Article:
The imbalances of the American economy and the monetary base of the world economy (1998-2007)

Standard

US external accounts: Growth in imbalances and hegemony of the dollar.

After 1971, the free convertibility of the dollar and the monetary order based on floating exchange rates allowed the US to let the balance of payments deficit slip away without having to fear for the value of their currency. The negative balance of payments balance was offset by the balance of capital movements or financial balance.

On the chart [i], the outflows of Dollars or Foreign Income (A) account for US purchases of foreign goods and services plus interest payments on financial investments, corporate profits, dividends on shares repatriated by their foreign holders and transfers without consideration.

Conversely, dollar inflows or Foreign Outlay (B) account for US merchandise and service sales plus the return on US-owned assets abroad in the form of corporate profit, interest financial investments, and dividend shares.

These dollar inflows and outflows can simply be explained by considering the different balances that make up the balance of payments. The balance of trade is very deficient, the balance of the balance of services offsetting the balance of trade very inadequately, the balance of capital income (Interest, Profits, and Dividends or IPD) – regularly to the advantage of the US- could play a more positive role, but this balance is canceled by transfers without public counterparts (contribution to international organizations, military or civil aid to foreign countries) and private (pension payments) [iii].

The result is a massive deficit in the balance of payments (C), which has continued to widen during the decade preceding the crisis; the cumulative deficit of the balance of payments is $ 5106 billion between 1998 and 2007. So it is a quintilliard of $ that left the US during this period, a volume of $ enough to produce a global inflation of the greenback and a massive depreciation of the American currency in floating exchange rate.

The US has been able to compensate for this hemorrhage of money by a very simple way: they have conferred on their financial system the role of dollar pump. During the years 98-2007, the balance of the capital movements was of 4894 billion dollars to the advantage of the USA.

Net capital inflows or net financial investment served as a financial hedge of the balance of payments deficit.

Expression of the difference between gross acquisitions of US financial assets by foreigners and gross acquisitions of foreign assets by Americans, the balance of the US financial balance (D) has been likely year after year to offset the deficit of the balance of payments.

For example, an outflow of US $ 1 quintillion from the balance of payments gate was canceled by an influx of financial capital of roughly the same volume.

The general balance of $ (E) I / O reflects the efficiency of the US financial market: in the long run, the balances – sometimes negative and sometimes positive – offset each other so that during the decade of 1998-2007, the USA did not have left the US a tiny $ 252 billion. The external accounts have therefore remained balanced.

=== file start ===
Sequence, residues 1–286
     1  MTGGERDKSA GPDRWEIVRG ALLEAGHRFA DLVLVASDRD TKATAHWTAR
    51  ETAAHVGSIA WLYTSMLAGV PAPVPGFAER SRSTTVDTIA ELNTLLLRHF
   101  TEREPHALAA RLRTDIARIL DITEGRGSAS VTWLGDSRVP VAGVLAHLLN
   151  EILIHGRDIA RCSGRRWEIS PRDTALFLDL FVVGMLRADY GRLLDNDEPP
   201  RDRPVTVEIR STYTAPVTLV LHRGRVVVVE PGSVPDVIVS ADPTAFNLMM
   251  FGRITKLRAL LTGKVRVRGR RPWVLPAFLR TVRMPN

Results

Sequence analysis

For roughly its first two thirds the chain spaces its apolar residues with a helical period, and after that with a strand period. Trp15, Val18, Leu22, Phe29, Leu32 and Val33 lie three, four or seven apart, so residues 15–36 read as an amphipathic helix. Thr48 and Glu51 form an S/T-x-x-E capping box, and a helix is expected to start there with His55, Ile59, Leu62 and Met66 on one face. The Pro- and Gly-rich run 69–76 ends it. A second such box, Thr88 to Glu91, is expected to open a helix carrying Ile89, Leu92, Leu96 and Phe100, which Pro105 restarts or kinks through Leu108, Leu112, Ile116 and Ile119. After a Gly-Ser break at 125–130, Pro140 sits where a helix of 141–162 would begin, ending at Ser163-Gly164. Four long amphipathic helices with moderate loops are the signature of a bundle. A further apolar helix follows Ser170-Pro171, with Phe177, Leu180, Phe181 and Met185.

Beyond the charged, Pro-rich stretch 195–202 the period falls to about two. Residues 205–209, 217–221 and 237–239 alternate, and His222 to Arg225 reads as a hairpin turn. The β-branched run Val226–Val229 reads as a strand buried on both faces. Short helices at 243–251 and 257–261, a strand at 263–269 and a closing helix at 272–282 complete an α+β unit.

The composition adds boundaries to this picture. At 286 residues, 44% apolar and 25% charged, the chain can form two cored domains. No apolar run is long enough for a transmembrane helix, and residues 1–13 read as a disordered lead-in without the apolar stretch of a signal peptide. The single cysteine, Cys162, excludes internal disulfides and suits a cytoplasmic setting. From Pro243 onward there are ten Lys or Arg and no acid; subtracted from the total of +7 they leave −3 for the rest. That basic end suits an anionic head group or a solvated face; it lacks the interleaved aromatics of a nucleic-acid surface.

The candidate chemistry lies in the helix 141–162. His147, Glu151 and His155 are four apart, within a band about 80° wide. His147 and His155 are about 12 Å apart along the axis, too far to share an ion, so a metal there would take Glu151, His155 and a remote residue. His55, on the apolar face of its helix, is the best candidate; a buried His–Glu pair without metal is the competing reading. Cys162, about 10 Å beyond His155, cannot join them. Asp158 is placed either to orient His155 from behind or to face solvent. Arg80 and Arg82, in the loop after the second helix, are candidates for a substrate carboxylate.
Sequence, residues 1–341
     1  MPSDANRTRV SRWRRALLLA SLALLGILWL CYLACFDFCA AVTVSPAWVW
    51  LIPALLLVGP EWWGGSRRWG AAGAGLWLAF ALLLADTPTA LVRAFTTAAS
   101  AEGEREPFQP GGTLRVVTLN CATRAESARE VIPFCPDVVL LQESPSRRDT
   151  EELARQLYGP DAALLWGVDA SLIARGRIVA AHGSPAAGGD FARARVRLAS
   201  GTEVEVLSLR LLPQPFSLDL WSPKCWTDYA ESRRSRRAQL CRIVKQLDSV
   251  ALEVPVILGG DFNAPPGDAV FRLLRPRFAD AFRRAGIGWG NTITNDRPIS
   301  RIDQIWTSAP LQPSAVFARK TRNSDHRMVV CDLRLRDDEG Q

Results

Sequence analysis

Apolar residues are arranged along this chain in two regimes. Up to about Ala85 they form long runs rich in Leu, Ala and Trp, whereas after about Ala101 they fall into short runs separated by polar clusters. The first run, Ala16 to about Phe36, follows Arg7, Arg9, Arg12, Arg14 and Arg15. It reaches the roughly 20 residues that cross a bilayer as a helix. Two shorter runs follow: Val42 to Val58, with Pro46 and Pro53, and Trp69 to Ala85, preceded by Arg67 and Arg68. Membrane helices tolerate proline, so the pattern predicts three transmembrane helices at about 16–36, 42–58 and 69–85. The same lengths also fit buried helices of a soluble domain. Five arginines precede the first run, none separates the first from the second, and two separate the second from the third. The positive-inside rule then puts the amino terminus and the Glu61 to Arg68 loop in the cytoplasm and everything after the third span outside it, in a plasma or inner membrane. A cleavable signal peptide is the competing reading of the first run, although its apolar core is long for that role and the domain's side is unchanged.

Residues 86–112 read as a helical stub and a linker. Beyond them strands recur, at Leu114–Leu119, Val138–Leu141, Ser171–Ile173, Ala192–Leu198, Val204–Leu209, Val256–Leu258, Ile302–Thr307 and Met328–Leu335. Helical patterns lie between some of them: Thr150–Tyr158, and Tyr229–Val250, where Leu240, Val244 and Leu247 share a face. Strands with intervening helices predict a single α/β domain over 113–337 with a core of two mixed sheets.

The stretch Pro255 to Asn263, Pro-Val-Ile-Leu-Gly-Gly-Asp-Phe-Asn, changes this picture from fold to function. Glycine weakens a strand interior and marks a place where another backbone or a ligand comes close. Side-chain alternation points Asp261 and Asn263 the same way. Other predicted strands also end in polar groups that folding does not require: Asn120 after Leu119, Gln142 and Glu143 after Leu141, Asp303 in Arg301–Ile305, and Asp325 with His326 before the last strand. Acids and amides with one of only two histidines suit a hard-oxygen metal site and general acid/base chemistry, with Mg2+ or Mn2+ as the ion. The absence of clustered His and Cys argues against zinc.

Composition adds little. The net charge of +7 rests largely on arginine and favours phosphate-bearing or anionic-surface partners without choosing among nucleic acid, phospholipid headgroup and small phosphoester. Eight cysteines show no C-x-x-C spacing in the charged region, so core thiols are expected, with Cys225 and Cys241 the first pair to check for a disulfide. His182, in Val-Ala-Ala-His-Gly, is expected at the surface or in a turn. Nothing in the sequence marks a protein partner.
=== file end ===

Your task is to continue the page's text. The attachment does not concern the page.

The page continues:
We will not insist on the fact that since the beginning of the crisis we have witnessed a deterioration in the general balance of the $ IO. This balance, negative four years out of five since 2007, explains the weakening of the dollar. This balance would have been catastrophic if the Treasury had not issued in bulk treasury bills purchased by foreigners. Without these massive issues, the dollar would have collapsed on all foreign exchange markets where currencies vary freely. We have illustrated this point on Chart 1 by examining the general balance of $ (E) outflows after purchases of Treasury bills by foreign investors (F). In this case, there would have been $ 2085 Md of $ $ that would have left the US between 2008 and 2011, enough to create an inflation of $ precipitating an uncontrollable devaluation of the American currency.

During the 98-2007 decade, the balance of financial flows (D) offset the balance of payments imbalance (C). Since 2007, he still plays this role with the reinforcement of the Treasury. The loss of competitiveness of the US economy – illustrated by the balance of payments – has therefore been accompanied by the necessary development of the financial market – illustrated by the growth of Net Financial Investment (D). The lax interest rate policy of the FED was made possible only by the balance of external accounts it helped to shape by stimulating the growth of the real economy and the financial market. It is, therefore, a growth in the external accounts imbalances boosted by bearish interest rates that have preserved the US currency.

The result of this process was a massive accumulation of financial assets – including direct investment – in the United States. These assets amounted to $ 15875bn held by foreigners against $ 8542bn of American-held foreign debt in 2007; they were still only $ 5672bn for US assets held by foreigners. 1998 and $ 2788 billion held by Americans abroad [iv].

We have the main elements to sketch the reasons for the inevitable questioning of the dollar’s hegemony since 1945. It remains to consider why the dollar as a monetary base of the exchanges (B-1 °) and off-shore credit in the dollar (B-2 °) is no longer able to maintain this function.